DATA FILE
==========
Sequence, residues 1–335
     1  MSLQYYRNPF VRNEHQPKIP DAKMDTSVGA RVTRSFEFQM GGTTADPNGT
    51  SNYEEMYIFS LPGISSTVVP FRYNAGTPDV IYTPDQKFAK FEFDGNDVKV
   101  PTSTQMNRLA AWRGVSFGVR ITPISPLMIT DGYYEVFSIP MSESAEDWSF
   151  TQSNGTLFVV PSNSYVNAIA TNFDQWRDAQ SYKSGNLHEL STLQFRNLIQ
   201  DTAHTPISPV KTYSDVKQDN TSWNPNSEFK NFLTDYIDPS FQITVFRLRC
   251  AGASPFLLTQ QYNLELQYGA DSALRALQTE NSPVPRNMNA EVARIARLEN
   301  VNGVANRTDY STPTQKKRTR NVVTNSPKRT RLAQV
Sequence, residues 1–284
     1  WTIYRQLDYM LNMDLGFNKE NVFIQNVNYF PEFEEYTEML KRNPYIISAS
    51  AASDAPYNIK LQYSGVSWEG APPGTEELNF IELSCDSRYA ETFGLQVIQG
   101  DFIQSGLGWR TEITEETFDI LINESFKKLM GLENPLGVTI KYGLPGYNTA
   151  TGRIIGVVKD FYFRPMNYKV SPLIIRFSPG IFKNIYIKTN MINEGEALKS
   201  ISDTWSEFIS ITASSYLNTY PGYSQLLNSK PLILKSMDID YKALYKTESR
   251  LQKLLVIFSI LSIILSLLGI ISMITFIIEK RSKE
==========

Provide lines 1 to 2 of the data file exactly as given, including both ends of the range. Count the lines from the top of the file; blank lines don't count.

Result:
Sequence, residues 1–335
     1  MSLQYYRNPF VRNEHQPKIP DAKMDTSVGA RVTRSFEFQM GGTTADPNGT